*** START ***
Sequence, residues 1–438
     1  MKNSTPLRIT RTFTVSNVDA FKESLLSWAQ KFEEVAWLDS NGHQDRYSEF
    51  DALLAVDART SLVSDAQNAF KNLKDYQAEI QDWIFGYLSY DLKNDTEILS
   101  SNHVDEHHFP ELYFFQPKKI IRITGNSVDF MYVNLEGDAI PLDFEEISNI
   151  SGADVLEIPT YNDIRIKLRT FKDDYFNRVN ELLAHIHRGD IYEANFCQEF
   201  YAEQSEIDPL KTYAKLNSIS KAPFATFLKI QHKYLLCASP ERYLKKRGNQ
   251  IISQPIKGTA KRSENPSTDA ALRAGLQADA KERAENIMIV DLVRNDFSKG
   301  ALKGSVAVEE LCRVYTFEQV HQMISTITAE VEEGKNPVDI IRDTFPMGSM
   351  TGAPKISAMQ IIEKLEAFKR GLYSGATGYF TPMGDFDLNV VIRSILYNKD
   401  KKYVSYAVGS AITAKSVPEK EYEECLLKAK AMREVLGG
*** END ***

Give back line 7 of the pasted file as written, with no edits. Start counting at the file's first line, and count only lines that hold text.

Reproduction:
   251  IISQPIKGTA KRSENPSTDA ALRAGLQADA KERAENIMIV DLVRNDFSKG